When you are still in your first year in a new place, you are still in a space where everything excites you, even the national day. I do not remember celebrating my home country’s national day with much enthusiasm. I blame the 40 degree and 80% humidity that is so characteristic of the monsoon season around that particular time of year. We do go green though with our clothes, shalwar, qameez, dupatta, t-shirts and all, but end up watching the ceremonies from the comfort of our TV lounge couches while trying to keep ourselves cool.
The Swedish national day couldn’t have come at a better time. I had just graduated. I was having an old friend from med school stay over at my place. The weather was lovely with that celebratory mood in the air. So off we went to Gamlastan to witness the changing of the guards and whatever it had to offer that day.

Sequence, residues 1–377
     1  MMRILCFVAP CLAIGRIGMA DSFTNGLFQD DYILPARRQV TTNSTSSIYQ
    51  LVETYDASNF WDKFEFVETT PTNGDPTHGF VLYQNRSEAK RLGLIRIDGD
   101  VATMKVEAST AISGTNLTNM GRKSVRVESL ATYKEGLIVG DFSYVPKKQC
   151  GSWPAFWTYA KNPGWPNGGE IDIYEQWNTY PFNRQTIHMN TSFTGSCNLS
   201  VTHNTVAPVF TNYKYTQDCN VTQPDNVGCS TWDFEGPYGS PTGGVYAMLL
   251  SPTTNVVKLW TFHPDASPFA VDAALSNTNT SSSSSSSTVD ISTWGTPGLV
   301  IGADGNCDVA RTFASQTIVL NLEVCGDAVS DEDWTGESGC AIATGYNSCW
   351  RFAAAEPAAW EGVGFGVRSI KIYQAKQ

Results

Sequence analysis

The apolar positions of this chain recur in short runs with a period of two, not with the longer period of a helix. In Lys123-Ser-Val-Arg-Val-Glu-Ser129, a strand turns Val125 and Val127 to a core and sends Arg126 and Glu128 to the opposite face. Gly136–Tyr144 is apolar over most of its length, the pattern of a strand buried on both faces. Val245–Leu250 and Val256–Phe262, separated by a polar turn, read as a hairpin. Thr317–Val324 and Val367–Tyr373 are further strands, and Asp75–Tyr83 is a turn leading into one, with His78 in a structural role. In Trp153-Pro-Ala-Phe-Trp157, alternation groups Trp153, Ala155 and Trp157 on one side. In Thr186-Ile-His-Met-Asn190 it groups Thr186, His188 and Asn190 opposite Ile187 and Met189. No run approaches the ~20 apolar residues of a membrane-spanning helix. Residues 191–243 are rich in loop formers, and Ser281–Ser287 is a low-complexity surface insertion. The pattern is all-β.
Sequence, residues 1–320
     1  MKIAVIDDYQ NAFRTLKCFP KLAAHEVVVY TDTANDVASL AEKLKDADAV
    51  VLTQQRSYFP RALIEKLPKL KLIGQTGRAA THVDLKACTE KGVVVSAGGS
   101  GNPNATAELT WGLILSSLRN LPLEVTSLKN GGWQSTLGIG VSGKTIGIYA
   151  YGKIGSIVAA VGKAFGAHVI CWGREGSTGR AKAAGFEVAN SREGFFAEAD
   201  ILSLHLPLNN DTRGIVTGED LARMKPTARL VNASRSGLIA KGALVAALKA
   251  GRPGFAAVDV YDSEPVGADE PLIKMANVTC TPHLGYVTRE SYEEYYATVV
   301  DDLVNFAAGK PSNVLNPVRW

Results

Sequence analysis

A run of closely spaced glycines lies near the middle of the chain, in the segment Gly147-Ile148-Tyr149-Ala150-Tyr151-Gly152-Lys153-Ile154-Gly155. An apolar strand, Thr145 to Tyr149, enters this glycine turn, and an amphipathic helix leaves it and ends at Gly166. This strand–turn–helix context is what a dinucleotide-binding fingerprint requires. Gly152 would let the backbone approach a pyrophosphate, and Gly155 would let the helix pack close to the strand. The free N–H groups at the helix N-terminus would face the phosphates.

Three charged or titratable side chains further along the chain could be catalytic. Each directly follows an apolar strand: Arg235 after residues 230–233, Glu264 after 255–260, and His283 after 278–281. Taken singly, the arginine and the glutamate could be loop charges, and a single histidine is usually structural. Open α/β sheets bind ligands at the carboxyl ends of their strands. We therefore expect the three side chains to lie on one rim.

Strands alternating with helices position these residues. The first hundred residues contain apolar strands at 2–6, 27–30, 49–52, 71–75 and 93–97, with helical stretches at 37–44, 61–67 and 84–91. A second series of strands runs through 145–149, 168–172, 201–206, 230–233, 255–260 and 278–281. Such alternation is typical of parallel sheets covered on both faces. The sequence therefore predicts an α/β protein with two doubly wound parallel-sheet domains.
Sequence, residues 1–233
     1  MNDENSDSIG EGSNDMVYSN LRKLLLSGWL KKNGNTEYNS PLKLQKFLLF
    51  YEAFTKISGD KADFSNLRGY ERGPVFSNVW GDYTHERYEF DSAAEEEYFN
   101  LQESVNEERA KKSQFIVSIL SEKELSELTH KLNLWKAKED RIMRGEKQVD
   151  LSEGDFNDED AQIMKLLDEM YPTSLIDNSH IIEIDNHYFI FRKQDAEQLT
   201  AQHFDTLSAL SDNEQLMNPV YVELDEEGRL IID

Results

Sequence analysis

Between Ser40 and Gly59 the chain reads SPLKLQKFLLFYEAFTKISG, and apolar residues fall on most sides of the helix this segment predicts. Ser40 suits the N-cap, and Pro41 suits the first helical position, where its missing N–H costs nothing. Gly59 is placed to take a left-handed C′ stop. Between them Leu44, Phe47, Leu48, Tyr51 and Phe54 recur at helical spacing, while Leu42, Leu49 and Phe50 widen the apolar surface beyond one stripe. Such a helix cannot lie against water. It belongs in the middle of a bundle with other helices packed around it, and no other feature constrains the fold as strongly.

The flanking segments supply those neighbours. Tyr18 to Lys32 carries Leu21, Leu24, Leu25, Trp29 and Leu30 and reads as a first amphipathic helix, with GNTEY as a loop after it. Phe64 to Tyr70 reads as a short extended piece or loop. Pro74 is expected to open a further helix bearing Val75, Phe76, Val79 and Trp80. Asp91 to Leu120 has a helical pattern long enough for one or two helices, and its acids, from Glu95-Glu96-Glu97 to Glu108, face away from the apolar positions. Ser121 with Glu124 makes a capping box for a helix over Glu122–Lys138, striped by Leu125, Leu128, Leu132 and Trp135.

There is something about people in uniforms moving in formations in complete synchronicity and playing instruments in rhythm. As we made steady attempts at getting to a position to ensure better visuals, we saw people of all kind come together, sing and clap. It was nice to see people proud in blue and yellow own the day as their own. In that beautiful moment I wanted to go back to Pakistan and witness the celebrations of our national day and take pictures like I was doing there. I was instantly reminded, however of how hot it would be and I reconsidered it.
We wanted to move to Skansen to witness the king’s speech and celebrations. On our way through Kungstragarden we saw swarms of people enjoying the festivities there. Sadly we couldn’t make to Skansen but I was happy to have captured the festivities of the day with my camera.
So if you are ever in Sweden around the national day, don’t miss going to Gamlastan and Skansen. You are bound to have a good time.